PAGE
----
The popular saying “there is no place like home” might not have the same warmth to it these days considering how long people have been cooped up in their homes because of the coronavirus pandemic.
COVID-19 though, will do more than change how people look at their homes as it has the likelihood to alter property markets all over the world. With the rampant unemployment, wage cuts, business closures and job uncertainty, it is a near certainty that people will be hesitant to invest whatever money they have in purchasing a home.
These elements usually result in a drop of house prices, which we all saw during the last recession in the UK, US and other countries. In the UK, the Nationwide house price index showed that prices fell 1.7% from the previous month, which happened to be the largest drop in over a decade.
Robert Gardner, the Nationwide’s chief economist, stressed, “there are some signs this is starting to stabilize.” He also explained that the current conditions is not just a normal economic downturn.
Instead, the UK government, as with many all over the world, made the decision to place the economy on hold. This happened at the same time as establishing numerous measures to support households and businesses, like the worker furloughing scheme.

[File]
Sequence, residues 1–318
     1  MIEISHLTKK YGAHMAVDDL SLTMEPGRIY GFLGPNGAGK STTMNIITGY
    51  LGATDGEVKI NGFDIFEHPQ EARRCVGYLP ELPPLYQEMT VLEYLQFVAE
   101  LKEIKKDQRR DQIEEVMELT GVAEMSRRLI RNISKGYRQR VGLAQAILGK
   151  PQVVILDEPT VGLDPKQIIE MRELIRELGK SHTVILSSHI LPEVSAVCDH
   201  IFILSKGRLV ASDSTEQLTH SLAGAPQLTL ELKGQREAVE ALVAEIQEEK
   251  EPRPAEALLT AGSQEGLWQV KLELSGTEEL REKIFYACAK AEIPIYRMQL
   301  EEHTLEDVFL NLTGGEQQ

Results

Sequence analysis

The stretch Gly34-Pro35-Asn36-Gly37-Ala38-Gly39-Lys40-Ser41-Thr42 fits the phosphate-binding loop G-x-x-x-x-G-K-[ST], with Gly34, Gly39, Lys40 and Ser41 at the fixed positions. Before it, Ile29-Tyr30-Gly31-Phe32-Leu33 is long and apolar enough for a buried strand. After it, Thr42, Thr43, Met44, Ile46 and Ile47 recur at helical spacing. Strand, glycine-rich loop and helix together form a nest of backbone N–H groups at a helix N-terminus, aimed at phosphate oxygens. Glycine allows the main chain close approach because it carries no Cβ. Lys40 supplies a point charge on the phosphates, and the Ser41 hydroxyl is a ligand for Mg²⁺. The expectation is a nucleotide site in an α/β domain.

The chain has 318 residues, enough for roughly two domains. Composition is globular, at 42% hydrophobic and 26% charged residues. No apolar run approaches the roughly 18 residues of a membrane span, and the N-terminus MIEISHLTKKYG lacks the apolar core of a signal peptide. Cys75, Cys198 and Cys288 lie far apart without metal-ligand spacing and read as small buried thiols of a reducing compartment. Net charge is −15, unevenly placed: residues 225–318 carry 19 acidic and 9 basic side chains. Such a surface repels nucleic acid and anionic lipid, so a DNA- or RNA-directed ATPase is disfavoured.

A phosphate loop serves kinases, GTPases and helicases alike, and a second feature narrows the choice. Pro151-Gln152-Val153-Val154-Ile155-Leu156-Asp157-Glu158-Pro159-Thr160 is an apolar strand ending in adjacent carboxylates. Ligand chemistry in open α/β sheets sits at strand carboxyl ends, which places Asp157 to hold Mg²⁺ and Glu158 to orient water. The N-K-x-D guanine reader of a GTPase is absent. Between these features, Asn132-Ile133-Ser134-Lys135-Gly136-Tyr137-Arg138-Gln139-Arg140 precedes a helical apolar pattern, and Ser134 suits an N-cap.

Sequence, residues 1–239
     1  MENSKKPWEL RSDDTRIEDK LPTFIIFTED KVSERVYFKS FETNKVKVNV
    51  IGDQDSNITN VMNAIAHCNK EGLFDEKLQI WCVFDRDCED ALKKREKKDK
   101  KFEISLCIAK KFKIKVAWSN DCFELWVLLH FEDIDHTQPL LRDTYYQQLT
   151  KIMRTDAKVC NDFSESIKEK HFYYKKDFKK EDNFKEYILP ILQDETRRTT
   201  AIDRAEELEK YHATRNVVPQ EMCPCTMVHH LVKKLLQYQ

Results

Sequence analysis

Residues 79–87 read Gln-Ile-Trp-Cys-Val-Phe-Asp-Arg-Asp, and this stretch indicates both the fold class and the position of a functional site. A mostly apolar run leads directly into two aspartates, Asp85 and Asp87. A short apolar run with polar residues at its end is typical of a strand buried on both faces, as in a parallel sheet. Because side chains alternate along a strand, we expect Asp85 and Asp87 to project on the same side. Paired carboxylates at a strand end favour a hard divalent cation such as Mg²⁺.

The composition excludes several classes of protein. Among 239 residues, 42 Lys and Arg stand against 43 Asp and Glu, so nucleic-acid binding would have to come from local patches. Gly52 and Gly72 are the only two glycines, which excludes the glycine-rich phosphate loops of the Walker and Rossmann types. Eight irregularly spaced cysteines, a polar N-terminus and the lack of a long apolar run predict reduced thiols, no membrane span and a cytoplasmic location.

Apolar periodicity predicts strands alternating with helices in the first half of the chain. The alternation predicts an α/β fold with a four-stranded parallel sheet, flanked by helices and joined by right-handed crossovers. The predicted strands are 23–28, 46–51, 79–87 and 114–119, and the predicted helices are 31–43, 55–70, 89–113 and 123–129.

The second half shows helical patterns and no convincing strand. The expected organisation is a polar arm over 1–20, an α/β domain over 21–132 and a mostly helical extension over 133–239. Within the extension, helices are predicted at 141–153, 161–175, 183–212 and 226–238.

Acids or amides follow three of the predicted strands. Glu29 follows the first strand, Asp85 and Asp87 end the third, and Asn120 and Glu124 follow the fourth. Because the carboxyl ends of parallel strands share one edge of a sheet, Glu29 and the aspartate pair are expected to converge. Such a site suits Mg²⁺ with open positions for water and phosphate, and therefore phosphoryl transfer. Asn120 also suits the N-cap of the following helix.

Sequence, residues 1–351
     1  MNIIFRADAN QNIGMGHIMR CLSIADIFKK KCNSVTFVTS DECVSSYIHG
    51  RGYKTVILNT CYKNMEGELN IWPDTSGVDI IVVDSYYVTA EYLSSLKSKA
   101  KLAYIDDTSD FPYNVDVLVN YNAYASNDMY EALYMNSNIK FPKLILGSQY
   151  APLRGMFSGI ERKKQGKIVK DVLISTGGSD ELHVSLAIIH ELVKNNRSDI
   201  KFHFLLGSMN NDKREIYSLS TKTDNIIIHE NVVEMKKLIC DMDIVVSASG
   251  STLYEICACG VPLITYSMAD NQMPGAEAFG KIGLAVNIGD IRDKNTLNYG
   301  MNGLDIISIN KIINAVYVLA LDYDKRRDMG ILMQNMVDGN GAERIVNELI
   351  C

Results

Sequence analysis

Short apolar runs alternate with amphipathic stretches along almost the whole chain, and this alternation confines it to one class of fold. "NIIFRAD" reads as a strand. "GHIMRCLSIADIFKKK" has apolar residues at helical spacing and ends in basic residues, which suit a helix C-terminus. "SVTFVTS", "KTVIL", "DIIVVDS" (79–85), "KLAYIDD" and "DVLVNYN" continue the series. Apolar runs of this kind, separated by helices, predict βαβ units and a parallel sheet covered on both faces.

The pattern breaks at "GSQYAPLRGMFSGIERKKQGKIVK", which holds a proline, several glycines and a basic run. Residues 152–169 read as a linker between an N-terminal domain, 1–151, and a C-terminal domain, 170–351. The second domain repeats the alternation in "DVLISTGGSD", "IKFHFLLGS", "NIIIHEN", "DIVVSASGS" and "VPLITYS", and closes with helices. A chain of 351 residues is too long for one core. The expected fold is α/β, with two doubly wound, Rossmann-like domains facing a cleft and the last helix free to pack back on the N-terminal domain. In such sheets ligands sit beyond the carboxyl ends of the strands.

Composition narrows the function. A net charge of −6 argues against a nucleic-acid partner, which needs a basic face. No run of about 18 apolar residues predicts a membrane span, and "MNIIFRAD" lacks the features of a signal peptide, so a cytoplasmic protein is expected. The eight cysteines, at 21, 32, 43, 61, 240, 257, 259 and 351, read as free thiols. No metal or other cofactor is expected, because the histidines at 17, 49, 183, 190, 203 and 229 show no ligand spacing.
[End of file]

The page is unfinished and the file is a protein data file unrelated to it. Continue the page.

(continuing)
The hope is that as lockdown restraints continue to be taken off, economies and housing markets will bounce back.
In the US, house prices are still on the way up.
“Many areas have put a moratorium on evictions, normally for 60 to 90 days, but in some areas for six months,” explained Prof. Nori Gerardo Lietz, who teaches real estate investment at Harvard Business School.
This means that the direct concerns have been placed on the shoulders of landlords and the banks, which isn’t to say that there won’t be any more difficulties further down the line especially as the US unemployment rate remains up there since the coronavirus lockdown.
However, behind those figures, there are other elements in the property industry. Many people have suddenly realized that they can work from home and avoid the commute and the office, and this is impacting the market. This is because of the success that a lot of people have had working from home, will offices be as busy as before?
Rightmove, which is a property website based in the UK, has indicated a substantial increase in people looking for homes that are away from town and city centers with bigger gardens and space that can be transformed into an office. Now, this may not be a permanent change but the health crisis has allowed people to think about making changes to where they work and live.
In the US, the problem is slightly different. As land is so cheap, and planning permission so easy to get, there is a long practice of retail parks and malls just being discarded if they are not making money, or cost too much to upgrade. The impact of coronavirus could see this trend increase.
For office space providers, if coronavirus ends up becoming a one-off hit, with just two quarters of rents deferred, there is little reason for property values to be affected at all. But instead, coronavirus might actually have a huge influence on the sector. After all, if the housing market changes as people look for more suburban and rural properties where they can work from home, there will be less need for office space to work in.